Kids in traditional Bavarian costumes in wheat field. German children eating bread and pretzel during Oktoberfest in Munich. Brother and sister play outdoors during autumn harvest time in Germany.

Glyphosate, used primarily with GMO crops, is also found in most of the world’s supply of wheat and other grains as well.

Health Impact News Editor Comments

A 2016 study carried out by the Heinrich Böll Foundation in Germany has found that 99.6% of the German population has been contaminated by the herbicide glyphosate. Glyphosate is the active ingredient in the world’s most widely used herbicides, such as Roundup.

This study follows another study released in February (2016) that found glyphosate in each of Germany’s 14 most popular beers. Germany is known around the world for its reputation or “pure” brewing when it comes to German beer. Under the “Reinheitsgebot,” or German purity law – one of the world’s oldest food safety laws and celebrating its 500th anniversary this year – brewers have to produce beer using only malt, hops, yeast and water.

Most malts are produced from barley, and in the U.S. the barley crop is among the most polluted crops contaminated with glyphosate. Grown in colder climates where farmers typically “desiccate” their crops of grains right before harvest (see: Why Is Glyphosate Sprayed on Crops Right Before Harvest?), the barley crop in the U.S. has such high levels of glyphosate, that the EPA has had to continually raise their limits of allowable glyphosate residue.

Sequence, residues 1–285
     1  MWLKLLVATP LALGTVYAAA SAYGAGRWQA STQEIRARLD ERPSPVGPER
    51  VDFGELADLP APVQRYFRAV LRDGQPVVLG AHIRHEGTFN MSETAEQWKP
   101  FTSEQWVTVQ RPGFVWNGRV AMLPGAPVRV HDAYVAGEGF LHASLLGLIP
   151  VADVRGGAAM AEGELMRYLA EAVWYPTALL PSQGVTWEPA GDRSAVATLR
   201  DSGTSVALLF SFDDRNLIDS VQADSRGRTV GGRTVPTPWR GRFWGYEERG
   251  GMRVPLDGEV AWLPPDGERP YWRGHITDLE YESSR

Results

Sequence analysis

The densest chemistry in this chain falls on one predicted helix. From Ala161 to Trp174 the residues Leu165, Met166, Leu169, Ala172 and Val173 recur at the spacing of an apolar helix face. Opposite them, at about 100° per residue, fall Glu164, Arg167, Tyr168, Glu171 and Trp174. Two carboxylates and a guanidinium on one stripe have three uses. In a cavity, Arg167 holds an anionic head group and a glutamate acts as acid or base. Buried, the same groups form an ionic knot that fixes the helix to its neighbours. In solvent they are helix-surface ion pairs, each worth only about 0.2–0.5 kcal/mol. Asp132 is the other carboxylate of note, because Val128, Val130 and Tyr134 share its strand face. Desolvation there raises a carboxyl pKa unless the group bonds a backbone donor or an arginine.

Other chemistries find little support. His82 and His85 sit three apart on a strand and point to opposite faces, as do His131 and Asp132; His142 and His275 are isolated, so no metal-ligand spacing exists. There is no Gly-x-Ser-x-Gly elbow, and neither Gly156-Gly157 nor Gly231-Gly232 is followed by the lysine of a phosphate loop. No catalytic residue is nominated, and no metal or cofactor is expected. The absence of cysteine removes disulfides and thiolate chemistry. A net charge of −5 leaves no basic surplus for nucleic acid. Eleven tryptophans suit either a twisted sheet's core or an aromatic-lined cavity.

Dr. Don Huber, Professor Emeritus of Plant Pathology at Purdue University, has stated:

Beer brewers are having a problem with glyphosate. A few years ago, when one of my colleagues wanted to get more Abraxis test strips for testing materials for glyphosate residue, he was told that they had a 3 month backlog. He asked, what was causing this? He was told that every load of malt barley coming out of North Dakota has to be tested, because the glyphosate levels were so high that it kills the yeast in the brew mix. (Source.)

Almost all Germans contaminated with glyphosate

by Nicole Sagener 
The Ecologist


A new study shows that 99.6% of Germans are contaminated with the herbicide glyphosate, writes Nicole Sagener. The news comes as the EU puts off a crucial decision on whether to re-authorise the chemical, described by IARC as ‘probably carcinogenic’, until 2031.

All but 0.4% of the German population have been contaminated by the controversial herbicide glyphosate, according to a study carried out by the Heinrich Böll Foundation.

The study analysed glyphosate residue in urine and concludes that 75% of the target group displayed levels that were five times higher than the legal limit of drinking water.

A third of the population even showed levels that were between ten and 42 times higher than what is normally permissible.

Glyphosate residues were recorded in 99.6% of the 2,009 people monitored by the study. The most significant values were found in children aged from zero to nine and adolescents aged 10 to 19, particularly those individuals raised on farms.

Meat eaters also displayed higher levels of glyphosate contamination than vegetarians or vegans. This finding may reflect the high levels of glyphosate found in the ‘Roundup-ready’ GMO soy and corn used in animal feeds, which are sprayed with the herbicide many times over their growing season.

Read the Full Article at The Ecologist.

See Also:

Americans At Greater Risk Of Glyphosate Exposure Than Europeans

Glyphosate Herbicide Causes Antibiotic Resistant Bacteria, Kidney Disease, and Infertility

MIT Researcher: Glyphosate Herbicide will Cause Half of All Children to Have Autism by 2025

Is Glyphosate Responsible for your Health Problems?

Human Breast Milk Found Unsafe – High Levels of Glyphosate

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